• Research Associate

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    Regular, Full-Time
    Job Category
  • Overview

    Now in its second century, Audubon is dedicated to protecting birds and other wildlife and the habitat that supports them. Audubon’s mission is engaging people in bird conservation on a hemispheric scale through science, policy, education and on-the-ground conservation action.  By mobilizing and aligning its network of Chapters, Centers, State and Important Bird Area programs in the four major migratory flyways in the Americas, the organization will bring the full power of Audubon to bear on protecting common and threatened bird species and the critical habitat they need to survive.  And as part of BirdLife International, Audubon will join people in over 100 in-country organizations all working to protect a network of Important Bird Areas around the world, leveraging the impact of actions they take at a local level.  What defines Audubon’s unique value is a powerful grassroots network of nearly 500 local chapters, 23 state offices, 41 Audubon Centers, Important Bird Area Programs in 50 states, and 700 staff across the country.  Audubon is a federal contractor and an Equal Opportunity Employer (EOE).



    Position Summary

    The Research Associate will report to State Director of Research at the Everglades Science Center. Their primary responsibilities will be a combination of fieldwork and office projects. This is a full-time position that monitors prey base fish populations in the mangrove zone of Everglades National Park, Biscayne National Park, and the Florida Keys. Scientific responsibilities will primarily consist of the collection of fishes in the mangrove habitats of Florida bay but analyses of fishes, submerged aquatic vegetation (SAV) surveys, and maintaining data accuracy in a database. Additionally, the research associate will also need to work with and maintain physical data. Applicants may be asked occasionally to assist in wading bird surveys but it should not be an expectation.

    Fish populations are monitored using a 3M2 drop system, throw traps, and seines. In addition, the submerged aquatic vegetation surveys is conducted using a quadrat while snorkeling. Field data will be collected from, powerboats, rowboats, canoes and kayaks.

    Essential Functions

    • Independently work to collect, identify, preserve, and catalogue aquatic vegetation, fish and macroinvertebrates
    • Maintain and analyze database information
    • Prepare and maintain detailed records, log and summarize reports of all procedures and results including graphs, scientific calculations, and statistical analysis charting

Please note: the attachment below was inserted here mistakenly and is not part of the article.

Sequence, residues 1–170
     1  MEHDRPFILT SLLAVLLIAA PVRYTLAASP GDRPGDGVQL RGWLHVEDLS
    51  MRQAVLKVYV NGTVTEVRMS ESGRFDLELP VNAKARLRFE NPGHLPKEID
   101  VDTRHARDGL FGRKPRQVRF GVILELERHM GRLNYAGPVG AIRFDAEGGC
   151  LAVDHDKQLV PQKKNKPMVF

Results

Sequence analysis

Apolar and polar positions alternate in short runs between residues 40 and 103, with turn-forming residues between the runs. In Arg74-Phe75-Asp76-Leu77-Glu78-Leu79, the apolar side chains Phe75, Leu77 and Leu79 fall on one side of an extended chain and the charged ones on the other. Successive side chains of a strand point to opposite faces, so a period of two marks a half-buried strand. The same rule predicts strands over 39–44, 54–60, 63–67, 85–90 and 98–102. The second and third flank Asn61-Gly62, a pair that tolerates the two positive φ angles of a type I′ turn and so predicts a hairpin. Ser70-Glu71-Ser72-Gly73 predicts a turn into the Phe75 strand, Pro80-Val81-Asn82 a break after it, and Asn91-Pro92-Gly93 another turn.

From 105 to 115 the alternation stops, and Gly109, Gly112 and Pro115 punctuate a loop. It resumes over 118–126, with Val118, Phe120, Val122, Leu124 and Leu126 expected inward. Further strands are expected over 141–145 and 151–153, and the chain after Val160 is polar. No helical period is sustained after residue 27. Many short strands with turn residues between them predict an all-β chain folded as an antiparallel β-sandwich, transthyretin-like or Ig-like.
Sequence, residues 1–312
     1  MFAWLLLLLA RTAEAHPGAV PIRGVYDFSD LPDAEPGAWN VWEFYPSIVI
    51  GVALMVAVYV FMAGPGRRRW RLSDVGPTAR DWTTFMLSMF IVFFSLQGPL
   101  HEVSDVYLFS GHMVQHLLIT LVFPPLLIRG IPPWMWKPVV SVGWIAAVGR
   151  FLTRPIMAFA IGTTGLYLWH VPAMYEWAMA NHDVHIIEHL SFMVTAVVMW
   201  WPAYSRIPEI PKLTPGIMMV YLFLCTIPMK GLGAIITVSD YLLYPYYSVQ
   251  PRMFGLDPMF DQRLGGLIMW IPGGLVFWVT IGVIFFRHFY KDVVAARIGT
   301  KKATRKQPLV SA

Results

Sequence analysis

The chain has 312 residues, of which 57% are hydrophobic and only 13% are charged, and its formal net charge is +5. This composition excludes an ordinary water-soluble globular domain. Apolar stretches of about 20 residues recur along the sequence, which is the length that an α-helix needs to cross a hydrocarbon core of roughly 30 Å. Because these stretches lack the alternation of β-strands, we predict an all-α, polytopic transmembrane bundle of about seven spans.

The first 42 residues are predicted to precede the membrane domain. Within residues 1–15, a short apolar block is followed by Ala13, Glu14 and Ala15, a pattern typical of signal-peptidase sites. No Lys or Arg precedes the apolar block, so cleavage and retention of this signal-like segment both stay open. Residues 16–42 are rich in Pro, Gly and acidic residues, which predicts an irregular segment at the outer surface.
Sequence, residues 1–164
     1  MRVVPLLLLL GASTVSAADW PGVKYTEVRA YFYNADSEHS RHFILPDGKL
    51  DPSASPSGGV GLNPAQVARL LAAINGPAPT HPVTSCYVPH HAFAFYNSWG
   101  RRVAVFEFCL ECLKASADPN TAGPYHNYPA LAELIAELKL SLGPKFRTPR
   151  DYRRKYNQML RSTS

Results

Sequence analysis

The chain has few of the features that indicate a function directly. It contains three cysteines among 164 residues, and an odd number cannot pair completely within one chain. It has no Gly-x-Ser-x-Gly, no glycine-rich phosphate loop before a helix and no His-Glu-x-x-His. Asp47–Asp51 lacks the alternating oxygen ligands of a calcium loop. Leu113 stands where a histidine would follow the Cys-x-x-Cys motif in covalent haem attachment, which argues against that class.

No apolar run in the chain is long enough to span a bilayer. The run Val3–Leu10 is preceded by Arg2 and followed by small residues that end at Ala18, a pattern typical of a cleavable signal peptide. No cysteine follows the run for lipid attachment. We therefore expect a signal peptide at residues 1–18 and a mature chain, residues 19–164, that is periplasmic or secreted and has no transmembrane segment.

• Collect and enter biologic wading bird data from Florida Bay, Tampa Bay, and the Everglades
    • Collaborate in a multi-disciplinary team of biologists and research associates with all research projects
    • Participate in group projects to maintain the base facility and improve operations
    • Responsible for the maintenance of vehicles and all assigned field gear
    • Ability to maintain and repair mechanical equipment such as trucks and boats
    • Conduct flight surveys of roseate spoonbill colonies; monitor and band spoonbill chicks
    • Assist with site preparation and construction (as needed);

    Qualifications and Experience

    • Bachelor’s degree in biology or related field required; understanding and respect of the scientific method is paramount
    • Minimum 3 years’ experience working in marine, estuarine, or wetlands ecology environments
    • Excellent work ethic, a team-focused attitude, and the ability to work well independently in the field
    • Experience in Florida’s estuaries, mangrove forests and/or coastal wetlands, sampling and identification of fishes
    • Valid driver’s license required
    • Must have experience with small boats, and operating vehicles
    • Knowledge of bird capture and banding techniques
    • Must have knowledge of computer networking, hardware and/or software programing and a proficiency for social media networking

    Physical Requirements:

    • Ability to work long hours in the field in sub-tropical wetland environments, exposed to the harsh South Florida environment (sun, heat, biting insects, wading in water or mud), sometimes alone.
    • Ability and willingness to working in murky waters that serves as the home for potentially dangerous wildlife such as alligators and venomous snakes.
    • Some projects may involve travel in helicopters and small, fixed-wing aircraft.


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